Dr. Marilyn Black’s longstanding passion for protecting human health sparked when she was working on her undergraduate thesis at the University of Virginia (UVA). Studying alongside the university’s medical research department to assess lead exposure and its effects on children, she saw for the first time how harmful environmental exposures could be. She observed many children with lead poisoning suffering from joint pain, muscle pain and decline in mental functioning.

But it was on her first job out of graduate school when she made the connection between chemical exposure and human health. In that job at Wright Patterson Air Force Base, she witnessed the severe health effects of Agent Orange exposure on soldiers who fought in the Vietnam War. Today, scientists are observing severe medical problems in the children and grandchildren of those soldiers.

by Stephen VossIn the 1980s, Dr. Black took a professorship at the Georgia Institute of Technology and was assigned to research a vexing problem: Why were people becoming sick from working in office buildings? Without obvious contaminants, it was difficult to determine what, exactly, was the cause of the headaches, nausea and other pains later dubbed “sick building syndrome.”

As part of a university-funded research assignment, Black worked with a team to assess the health issues people faced and conducted tests of the air that they breathed. What they uncovered surprised them.

“We found that the indoor air was much more polluted than outdoor air,” she said. “We researched this for a number of years before finding that the poor indoor air quality was directly related to the 500 to 1,000 volatile organic compounds coming from everyday materials, such as paint, floorings, furnishings and printers.”

To combat the issue, the researchers first needed to develop a toxicity measurement system, which would allow them to identify the products with the highest emissions levels. Working with steel boxes and improvising in the lab, Black and her team developed what is known today as “environmental chamber technology,” which allows for the isolation and study of individual materials to better understand the emissions exposure levels to individuals in indoor environments.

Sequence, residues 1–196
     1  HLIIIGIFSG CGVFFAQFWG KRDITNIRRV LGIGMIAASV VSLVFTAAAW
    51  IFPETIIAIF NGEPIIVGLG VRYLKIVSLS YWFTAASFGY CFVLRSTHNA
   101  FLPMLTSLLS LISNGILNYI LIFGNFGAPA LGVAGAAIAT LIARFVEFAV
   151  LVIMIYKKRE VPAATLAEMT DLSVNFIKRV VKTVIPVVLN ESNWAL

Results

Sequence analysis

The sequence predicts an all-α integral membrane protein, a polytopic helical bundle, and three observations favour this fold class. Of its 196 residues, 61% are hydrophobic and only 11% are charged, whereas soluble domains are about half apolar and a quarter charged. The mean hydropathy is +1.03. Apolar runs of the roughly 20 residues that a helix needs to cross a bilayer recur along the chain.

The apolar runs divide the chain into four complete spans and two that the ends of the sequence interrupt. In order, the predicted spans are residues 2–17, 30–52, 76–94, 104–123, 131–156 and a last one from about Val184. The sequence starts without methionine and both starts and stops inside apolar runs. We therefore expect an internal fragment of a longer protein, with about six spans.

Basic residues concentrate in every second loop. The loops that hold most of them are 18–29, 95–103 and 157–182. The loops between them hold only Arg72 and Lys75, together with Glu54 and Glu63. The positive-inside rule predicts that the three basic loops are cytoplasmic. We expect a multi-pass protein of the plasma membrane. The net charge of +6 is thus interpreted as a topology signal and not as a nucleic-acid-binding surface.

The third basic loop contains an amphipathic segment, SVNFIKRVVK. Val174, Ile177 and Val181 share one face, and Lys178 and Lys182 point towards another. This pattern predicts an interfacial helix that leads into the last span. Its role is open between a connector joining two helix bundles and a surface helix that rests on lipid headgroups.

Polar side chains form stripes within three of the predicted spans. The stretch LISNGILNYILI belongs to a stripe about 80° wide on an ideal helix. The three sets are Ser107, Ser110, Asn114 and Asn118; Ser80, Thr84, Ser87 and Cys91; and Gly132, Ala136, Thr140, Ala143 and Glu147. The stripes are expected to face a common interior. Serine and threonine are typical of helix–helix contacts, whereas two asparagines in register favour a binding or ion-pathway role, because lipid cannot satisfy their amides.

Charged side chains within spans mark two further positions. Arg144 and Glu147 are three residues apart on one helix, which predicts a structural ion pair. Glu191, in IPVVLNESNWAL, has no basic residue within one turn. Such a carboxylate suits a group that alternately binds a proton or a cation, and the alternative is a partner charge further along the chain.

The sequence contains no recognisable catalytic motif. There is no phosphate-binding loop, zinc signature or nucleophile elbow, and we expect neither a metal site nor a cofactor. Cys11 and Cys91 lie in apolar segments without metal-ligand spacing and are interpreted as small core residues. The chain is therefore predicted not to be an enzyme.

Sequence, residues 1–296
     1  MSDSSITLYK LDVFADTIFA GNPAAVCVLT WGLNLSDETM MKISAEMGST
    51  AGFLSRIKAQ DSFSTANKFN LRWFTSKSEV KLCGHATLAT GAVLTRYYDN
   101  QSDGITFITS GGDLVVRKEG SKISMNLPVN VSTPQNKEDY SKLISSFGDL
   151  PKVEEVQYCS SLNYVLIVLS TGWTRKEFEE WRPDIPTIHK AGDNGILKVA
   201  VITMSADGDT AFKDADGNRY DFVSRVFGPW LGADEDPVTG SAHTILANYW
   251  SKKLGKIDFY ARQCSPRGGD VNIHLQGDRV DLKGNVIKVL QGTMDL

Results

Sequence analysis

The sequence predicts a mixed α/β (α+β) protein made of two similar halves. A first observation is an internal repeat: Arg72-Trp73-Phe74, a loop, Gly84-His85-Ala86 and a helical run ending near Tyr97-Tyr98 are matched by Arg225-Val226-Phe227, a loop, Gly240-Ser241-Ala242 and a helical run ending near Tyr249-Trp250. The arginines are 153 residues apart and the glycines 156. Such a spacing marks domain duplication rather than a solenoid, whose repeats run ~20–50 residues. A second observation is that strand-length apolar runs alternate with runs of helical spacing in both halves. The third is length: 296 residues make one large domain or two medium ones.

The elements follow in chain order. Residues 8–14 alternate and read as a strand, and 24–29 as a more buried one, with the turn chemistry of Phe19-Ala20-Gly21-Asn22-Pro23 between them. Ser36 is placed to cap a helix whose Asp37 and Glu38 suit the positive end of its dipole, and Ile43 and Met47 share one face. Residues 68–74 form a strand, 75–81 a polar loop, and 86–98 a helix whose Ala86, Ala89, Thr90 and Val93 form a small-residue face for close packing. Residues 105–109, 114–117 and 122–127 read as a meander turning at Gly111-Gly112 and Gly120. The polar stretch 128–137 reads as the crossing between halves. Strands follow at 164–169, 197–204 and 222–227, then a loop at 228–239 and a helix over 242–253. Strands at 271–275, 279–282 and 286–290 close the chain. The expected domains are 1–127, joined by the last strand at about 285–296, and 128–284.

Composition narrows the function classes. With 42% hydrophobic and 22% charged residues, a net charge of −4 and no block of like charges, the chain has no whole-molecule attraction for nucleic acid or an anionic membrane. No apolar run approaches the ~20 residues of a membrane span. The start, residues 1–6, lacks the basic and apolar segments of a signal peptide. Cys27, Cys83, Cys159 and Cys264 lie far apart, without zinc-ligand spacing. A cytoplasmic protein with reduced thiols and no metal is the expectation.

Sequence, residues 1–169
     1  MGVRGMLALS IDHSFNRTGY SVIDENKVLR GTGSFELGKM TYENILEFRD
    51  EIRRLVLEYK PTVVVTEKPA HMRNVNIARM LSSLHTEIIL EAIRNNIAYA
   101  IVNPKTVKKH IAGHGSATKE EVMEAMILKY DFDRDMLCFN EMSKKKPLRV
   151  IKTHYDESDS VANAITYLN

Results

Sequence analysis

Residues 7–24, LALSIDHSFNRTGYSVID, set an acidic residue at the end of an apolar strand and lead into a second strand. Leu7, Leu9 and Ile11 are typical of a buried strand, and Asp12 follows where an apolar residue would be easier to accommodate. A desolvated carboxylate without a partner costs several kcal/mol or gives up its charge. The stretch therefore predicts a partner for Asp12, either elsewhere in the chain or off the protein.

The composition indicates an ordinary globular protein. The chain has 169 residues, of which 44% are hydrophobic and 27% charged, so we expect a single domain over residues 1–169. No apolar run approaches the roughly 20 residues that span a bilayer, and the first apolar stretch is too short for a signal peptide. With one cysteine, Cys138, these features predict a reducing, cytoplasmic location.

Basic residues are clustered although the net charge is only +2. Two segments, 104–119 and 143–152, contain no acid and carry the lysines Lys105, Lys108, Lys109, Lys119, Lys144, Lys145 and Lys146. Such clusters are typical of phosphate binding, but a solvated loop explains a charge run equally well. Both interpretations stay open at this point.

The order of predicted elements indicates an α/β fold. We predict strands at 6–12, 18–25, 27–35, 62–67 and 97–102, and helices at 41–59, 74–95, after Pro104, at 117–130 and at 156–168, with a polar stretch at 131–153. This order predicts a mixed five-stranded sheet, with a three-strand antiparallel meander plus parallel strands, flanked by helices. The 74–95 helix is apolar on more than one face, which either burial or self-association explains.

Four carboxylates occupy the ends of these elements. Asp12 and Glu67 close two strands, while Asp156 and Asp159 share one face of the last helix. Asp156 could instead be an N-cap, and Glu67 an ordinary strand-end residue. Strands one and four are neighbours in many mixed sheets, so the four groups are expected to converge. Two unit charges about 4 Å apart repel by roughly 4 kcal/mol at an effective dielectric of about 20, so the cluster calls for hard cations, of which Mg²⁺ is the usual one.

“To commercialize the technology, we built stainless steel models to scale from the size of a bread box to large buildings and homes,” Black said. “We developed a robust system with multiple controls, including temperature, humidity and air flow that could analytically measure and test materials 24 hours a day, providing accurate, reproducible and consistent information for clients.”

In 2000, Black’s mission expanded, when she founded the GREENGUARD Environmental Institute. The institute offered GREENGUARD Certification to help manufacturers create – and help buyers identify –interior products and materials that have low chemical emissions.

“GREENGUARD worked together with key stakeholders to create acceptable standards that U.S. green buildings would write into their specifications,” Black said. “We also worked with regulatory bodies such as the EPA and third-party organizations, like the U.S. Green Building Council, to establish what the on-going certification testing criteria would include.”

At first, Black was challenged with how she could help small manufacturers meet these standards, as it was harder for them to compete against large manufacturers who had the resources to remanufacture their products to meet the requirements of the certification program. Ultimately, GREENGUARD set up three levels of certification – and manufacturers can now move up a level based on the stringency of what they hope to achieve.

Acquired by UL in 2012, Black’s organization now has a global platform, and all countries that do emissions testing and research follow the standards that Black created. In her work for UL today, Black is advancing the understanding of indoor air quality by studying, in partnership with the Georgia Institute of Technology and Emory University, the human health effects of exposure to 3D printer emissions. She has also undertaken, in partnership with Emory University, a research initiative to increase scientific understanding of the impact of chemical exposure from furniture and some electronic products.

Working with other UL colleagues, Black is focused on broadening the conventional paradigm of what it truly means to have a safe product or environment through a greater understanding of how to identify ultra-fine particles in the air. Throughout Black’s career from UVA to Wright Patterson Air Force Base to her own business and now UL, scientific research has grounded her and guided her to helping improve human health.